The gene frequency and taxonomic composition of polar metagenome assembled genomes (MAGs) involved in DMS/DMSP cycling in polar oceans. a Frequency of DMS/DMSP cycling-related genes in 143 (out of 214) polar MAGs. MAGs are separated into four groups with MAGs in groups 1 to 3 carrying 1 to 3 types of DMS/DMSP cycling-related genes, MAGs in group 4 contains more than 3 types of DMS/DMSP cycling-related genes. The co-occurrence networks of protein-protein (b, d) and pathway-pathway (c, e) coexistence modes in DMS/DMSP cycling in MAGs obtained from polar oceans (b, c) compared to all microbial genomes in the IMG/M database (d, e). The cluster of each network was shown in its lower left corner. Each node in the networks indicates one protein (b, d) or one pathway (c, e) involved in DMS/DMSP cycling. The proteins in the same catabolic pathway (as indicated in Table 1) are marked using the same colour, and different pathways are distinguished using numbers 1–7. The size of nodes and the thickness of edges represent the frequencies of genes and MAGs carrying multiple genes involved in DMS/DMSP cycling, respectively.

To uncover the co-occurrence of these genes in DMS/DMSP metabolism, we carried out a comprehensive co-occurrence network analysis of all microbial genomes in the IMG/M database, which contained genomes of 10285 isolates, 2120 Single cell Amplified Genomes (SAGs) and 5267 MAGs. At the time of the analysis (March 9, 2021), IMG/M included 2428 genomes, of which 412 genomes had more than one gene involved in DMS/DMSP metabolism (Table S9). At the gene level, these combinations yielded 50 one-to-one gene configuration modes (Fig. 6d), with DddP being the most frequent enzyme present in these genome-sequenced microbial strains, while DddL being the most connected gene coexisting with other genes involved in DMS/DMSP metabolism. At the pathway level, 14 different pathway co-occurrence patterns were observed (Fig. 6e). Interestingly, strong co-existence clustering among various DMSP-degradation pathways were observed in both MAGs from polar oceans and microbial genomes from the IMG/M, suggesting marine microbes likely employ multiple routes for DMSP catabolism. However, DMSP cleavage pathway and DMSP biosynthesis pathway showed stronger connection in microbial genomes from the IMG/M than MAGs from polar oceans metagenomes.

Discussion

Here, we investigated bacteria mediated DMS/DMSP cycling in 60 seawater metagenomes and 214 MAGs obtained from polar oceans and compared them with metagenomes and metatranscriptomes from the Tara Ocean datasets. The relative abundance and phylogenetic analyses of these potential genes involved in DMS/DMSP cycling in polar oceans suggested that there appears to be an intense and integrated DMS/DMSP cycle in polar oceans (Fig. 7). DmdA, DddD, DddP DddK, and Tmm appear to be the dominant genes involved in DMS/DMSP cycling, and Alpha- and Gamma-proteobacteria made the largest contributions. Globally, the geographic distribution of DMS/DMSP cycling was significantly influenced by water depth, which may be due to the differences in microbial assemblages caused by environmental selections. Furthermore, the coexistence of DMS/DMSP-related proteins in marine bacterial genomes was not a rare trait in polar oceans.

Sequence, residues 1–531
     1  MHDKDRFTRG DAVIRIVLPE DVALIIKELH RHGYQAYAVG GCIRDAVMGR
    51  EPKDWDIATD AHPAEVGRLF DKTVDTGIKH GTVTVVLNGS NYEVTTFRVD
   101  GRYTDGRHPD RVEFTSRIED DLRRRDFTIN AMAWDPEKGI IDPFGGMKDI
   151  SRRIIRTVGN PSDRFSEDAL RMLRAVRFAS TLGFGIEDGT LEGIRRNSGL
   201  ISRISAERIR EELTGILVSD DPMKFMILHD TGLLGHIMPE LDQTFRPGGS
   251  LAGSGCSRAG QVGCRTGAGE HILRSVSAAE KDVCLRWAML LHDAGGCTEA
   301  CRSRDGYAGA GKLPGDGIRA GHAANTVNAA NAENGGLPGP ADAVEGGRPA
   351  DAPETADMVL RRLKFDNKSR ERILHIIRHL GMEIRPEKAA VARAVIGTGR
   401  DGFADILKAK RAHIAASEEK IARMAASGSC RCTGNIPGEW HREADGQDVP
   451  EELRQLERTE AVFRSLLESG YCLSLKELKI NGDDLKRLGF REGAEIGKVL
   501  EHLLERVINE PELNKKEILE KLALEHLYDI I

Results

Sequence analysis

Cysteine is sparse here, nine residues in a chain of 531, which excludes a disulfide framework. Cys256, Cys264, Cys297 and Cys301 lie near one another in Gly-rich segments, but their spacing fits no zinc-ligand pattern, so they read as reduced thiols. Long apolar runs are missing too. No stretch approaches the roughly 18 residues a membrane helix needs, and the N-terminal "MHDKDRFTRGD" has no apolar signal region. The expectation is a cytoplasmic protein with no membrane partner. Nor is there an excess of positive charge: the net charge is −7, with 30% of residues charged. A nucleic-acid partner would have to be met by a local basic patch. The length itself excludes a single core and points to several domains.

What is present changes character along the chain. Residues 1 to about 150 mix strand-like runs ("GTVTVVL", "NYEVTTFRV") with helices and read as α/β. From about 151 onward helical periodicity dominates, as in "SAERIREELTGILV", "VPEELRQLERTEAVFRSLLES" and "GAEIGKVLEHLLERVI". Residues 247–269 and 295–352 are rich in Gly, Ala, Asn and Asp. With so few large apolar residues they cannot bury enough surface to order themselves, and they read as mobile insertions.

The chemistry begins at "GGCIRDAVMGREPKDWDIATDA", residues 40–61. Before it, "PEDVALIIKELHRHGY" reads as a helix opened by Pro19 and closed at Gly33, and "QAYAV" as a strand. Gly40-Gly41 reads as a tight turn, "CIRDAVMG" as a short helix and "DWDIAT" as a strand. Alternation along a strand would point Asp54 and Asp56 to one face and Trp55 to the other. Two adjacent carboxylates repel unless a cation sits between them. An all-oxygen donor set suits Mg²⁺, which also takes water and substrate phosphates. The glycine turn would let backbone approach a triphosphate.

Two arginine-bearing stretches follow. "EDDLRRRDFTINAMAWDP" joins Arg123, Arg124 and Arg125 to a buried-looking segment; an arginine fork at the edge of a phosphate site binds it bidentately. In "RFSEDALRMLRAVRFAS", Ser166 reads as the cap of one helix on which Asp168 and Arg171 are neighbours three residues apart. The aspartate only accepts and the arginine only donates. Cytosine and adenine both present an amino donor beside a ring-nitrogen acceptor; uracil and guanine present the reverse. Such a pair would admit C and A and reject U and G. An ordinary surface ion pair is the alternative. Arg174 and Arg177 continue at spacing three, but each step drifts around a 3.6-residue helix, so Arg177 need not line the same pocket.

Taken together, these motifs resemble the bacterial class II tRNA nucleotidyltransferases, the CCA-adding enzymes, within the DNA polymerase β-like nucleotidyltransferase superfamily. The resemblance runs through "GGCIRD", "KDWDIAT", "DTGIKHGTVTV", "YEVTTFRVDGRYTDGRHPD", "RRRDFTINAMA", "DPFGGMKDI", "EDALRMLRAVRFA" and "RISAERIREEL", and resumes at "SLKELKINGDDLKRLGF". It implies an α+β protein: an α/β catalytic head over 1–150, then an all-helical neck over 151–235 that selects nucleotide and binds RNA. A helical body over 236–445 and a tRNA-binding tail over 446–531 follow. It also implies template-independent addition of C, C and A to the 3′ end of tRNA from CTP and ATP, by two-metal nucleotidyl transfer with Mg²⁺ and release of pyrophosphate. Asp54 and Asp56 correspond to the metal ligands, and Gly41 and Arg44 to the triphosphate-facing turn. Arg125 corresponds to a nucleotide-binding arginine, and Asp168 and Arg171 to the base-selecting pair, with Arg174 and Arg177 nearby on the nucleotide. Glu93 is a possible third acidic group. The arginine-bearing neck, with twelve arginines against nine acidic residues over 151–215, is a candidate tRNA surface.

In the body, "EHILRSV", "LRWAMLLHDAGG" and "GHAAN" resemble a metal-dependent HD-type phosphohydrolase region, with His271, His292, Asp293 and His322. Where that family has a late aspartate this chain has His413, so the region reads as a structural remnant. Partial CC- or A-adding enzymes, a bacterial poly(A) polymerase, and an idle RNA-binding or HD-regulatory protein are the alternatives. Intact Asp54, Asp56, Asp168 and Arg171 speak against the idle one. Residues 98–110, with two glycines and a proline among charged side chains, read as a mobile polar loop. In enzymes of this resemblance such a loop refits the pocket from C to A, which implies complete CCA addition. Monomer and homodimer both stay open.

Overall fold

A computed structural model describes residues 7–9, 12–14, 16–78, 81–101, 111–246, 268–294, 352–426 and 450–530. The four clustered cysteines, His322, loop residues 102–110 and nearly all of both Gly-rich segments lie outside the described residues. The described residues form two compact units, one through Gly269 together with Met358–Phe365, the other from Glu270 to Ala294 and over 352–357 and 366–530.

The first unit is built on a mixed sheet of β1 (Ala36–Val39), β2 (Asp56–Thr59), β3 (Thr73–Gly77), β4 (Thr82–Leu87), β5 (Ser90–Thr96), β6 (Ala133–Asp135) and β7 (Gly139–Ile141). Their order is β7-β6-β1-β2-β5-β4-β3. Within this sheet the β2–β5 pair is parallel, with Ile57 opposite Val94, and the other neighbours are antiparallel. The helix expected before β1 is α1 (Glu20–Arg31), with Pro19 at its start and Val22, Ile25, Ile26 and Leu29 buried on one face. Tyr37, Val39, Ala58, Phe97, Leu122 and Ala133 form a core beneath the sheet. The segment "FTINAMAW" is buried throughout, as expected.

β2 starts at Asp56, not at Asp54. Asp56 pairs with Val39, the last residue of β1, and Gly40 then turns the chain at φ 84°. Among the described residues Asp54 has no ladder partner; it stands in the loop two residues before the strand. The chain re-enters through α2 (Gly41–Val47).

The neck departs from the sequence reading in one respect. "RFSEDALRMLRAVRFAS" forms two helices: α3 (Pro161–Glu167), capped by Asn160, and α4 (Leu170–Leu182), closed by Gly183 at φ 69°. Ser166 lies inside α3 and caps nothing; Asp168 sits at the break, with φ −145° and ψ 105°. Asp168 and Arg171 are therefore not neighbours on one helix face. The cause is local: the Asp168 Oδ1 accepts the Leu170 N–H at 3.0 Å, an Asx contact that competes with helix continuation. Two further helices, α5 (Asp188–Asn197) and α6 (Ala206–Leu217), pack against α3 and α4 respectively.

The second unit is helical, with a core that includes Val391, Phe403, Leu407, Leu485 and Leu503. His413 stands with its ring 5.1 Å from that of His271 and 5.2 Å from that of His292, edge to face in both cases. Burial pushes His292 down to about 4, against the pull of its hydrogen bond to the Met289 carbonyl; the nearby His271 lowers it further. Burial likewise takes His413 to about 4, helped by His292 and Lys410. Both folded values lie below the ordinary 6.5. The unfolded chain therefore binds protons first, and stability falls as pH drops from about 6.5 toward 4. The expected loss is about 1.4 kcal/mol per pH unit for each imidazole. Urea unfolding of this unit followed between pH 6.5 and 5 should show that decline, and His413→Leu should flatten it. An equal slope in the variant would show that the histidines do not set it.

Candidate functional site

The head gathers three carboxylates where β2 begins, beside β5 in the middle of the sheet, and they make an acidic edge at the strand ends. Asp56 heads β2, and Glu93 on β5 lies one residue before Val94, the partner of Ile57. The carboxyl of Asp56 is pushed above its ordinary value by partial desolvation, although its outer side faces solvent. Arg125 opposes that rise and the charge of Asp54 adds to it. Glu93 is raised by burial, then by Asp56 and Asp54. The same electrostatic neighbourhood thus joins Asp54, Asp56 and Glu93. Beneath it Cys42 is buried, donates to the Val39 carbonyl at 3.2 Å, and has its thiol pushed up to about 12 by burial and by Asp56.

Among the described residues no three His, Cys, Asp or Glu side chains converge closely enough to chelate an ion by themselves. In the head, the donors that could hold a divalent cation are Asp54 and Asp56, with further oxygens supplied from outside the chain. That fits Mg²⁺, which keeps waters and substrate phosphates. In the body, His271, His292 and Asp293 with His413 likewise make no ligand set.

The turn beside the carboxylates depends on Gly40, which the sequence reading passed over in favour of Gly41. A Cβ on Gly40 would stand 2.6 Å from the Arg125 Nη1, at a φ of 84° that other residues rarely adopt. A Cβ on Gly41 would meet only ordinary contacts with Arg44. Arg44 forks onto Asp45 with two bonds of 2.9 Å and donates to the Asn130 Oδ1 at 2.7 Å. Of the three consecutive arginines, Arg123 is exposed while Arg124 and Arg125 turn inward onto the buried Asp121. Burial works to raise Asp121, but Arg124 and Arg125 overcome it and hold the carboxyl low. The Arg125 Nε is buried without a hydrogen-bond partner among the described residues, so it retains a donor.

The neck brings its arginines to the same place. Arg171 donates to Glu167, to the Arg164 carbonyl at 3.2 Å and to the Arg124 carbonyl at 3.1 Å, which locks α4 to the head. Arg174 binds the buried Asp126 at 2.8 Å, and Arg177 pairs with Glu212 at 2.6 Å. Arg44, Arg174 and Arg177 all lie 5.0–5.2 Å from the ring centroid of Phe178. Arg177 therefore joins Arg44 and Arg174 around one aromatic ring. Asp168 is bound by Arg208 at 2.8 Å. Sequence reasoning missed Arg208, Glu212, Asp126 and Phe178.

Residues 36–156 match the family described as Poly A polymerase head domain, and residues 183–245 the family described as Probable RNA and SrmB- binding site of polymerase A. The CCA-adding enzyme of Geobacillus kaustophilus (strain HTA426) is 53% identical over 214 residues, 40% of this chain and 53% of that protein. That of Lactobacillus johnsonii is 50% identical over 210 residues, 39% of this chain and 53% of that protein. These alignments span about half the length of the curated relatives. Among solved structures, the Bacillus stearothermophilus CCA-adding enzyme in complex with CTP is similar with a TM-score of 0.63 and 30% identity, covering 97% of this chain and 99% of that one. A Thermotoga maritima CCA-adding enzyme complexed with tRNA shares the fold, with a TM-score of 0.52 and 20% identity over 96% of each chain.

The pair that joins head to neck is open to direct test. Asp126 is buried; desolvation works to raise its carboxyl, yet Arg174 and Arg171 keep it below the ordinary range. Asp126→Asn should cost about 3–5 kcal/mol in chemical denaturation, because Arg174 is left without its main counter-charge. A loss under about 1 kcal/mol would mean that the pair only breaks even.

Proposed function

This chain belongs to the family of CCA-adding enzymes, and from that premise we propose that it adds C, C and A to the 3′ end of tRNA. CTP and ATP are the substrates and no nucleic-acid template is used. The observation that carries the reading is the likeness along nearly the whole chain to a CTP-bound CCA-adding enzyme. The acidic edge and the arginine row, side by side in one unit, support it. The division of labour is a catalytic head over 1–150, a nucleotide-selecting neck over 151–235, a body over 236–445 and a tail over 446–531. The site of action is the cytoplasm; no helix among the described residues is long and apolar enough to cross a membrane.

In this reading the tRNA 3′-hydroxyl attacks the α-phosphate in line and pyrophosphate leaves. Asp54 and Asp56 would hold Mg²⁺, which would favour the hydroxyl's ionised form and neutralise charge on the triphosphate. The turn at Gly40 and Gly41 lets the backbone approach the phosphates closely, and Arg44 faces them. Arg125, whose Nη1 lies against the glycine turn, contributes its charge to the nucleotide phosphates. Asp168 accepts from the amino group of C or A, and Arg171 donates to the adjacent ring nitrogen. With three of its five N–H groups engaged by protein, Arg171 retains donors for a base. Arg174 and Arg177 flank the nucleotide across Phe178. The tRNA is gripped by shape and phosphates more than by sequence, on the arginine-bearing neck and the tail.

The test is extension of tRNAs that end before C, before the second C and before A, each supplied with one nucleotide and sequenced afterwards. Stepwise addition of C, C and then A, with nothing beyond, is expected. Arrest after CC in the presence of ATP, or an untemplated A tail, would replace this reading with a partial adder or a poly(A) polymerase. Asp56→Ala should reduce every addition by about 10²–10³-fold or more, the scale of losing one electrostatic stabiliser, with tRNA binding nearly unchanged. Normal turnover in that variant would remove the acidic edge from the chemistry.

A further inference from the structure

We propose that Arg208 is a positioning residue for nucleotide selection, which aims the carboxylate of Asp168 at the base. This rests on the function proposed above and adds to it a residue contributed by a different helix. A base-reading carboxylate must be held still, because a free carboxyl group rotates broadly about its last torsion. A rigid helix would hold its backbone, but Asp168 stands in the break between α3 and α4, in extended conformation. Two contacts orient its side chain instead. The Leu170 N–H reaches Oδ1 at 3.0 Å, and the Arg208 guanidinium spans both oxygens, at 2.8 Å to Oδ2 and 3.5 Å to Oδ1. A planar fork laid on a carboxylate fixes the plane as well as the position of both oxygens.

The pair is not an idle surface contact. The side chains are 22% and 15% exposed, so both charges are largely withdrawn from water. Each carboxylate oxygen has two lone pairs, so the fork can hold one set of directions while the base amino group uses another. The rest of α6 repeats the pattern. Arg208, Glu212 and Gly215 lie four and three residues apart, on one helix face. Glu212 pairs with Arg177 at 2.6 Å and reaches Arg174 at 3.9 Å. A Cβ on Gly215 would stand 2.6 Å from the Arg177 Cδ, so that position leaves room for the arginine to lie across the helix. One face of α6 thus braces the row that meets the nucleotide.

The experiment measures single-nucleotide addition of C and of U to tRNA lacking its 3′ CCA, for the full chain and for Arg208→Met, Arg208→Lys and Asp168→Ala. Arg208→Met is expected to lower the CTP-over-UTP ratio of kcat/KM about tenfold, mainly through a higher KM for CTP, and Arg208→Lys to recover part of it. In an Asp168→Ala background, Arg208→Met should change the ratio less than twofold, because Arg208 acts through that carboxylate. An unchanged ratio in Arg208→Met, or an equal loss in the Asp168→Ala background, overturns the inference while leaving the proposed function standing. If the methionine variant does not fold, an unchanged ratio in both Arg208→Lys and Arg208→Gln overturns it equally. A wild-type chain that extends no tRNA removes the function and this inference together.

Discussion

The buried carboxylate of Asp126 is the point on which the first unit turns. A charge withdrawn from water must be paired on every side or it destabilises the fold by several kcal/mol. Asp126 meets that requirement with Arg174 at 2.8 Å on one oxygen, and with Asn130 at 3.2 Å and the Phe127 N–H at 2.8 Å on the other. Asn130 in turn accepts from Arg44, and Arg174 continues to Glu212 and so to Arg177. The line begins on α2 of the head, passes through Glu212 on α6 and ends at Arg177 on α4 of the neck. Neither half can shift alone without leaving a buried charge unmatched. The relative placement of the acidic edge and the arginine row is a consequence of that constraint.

Fig. 7
figure7

The conceptual diagram of bacterial DMS/DMSP metabolism in polar and non-polar oceans based on the analysis of the relative abundance of the potential genes involved in DMS/DMSP cycles. The thickness of the edge represents the relative abundance of the potential genes in each pathway. The arrowheads indicate the flow directions of organic sulfur compounds. Potential genes contributing more than 20% of the total relative abundance in each pathway are shown

Met is the sulfocompound for the initiation of DMSP biosynthesis [34]. Given the presence of a low abundance of bacterial DMSP biosynthesis genes, DMSP in polar and non-polar oceans may largely be produced by phytoplankton in surface waters [27, 48, 58, 98, 99], which can then be transported to the deep ocean [100] through sinking particles.

Based on our analysis of the relative abundance of potential genes, a large proportion of DMSP may act as intermediates, while most of the sulfur from Met may ultimately be channelled into the production of DMS and especially MeSH. Considerable MeSH may thus accumulate in the polar oceans, which certainly warrants further investigation by measuring its in situ concentration in these polar environments. Our hypothesis is indeed supported by the high abundance and active transcription of DmdA in situ in metatranscriptomic samples (Fig. 3). Thus, the produced MeSH may provide a substantial budget for other physiological processes, such as MeSH oxidation to hydrogen sulfide by the MeSH oxidase (MTO) enzyme [74]. MTO was found to be abundant and widely distributed in both metagenomic and especially in metatranscriptomic samples in this study (Table S10).

Similarly, the relative abundance of Tmm and DMSOR in polar oceans suggested that the production DMS and DMSO were likely unbalanced, which may result in DMSO accumulation. Indeed, high concentrations of DMSO have been detected in both polar oceans waters and sea ice [25, 27, 47, 101], where they may act as cryoprotectants, osmoregulants, or cellular anti-oxidants in bacteria to cope with the extreme environments of the polar regions [102]. Besides, Tmm is also responsible for TMA oxidation to trimethylamine N-oxide (TMAO) [20] and the Tmm-mediated DMS oxidation to DMSO is a methylamine-dependent process [32], which suggests the presence of an inter-connected nitrogen-sulfur cycle through Tmm-mediated DMS oxidation.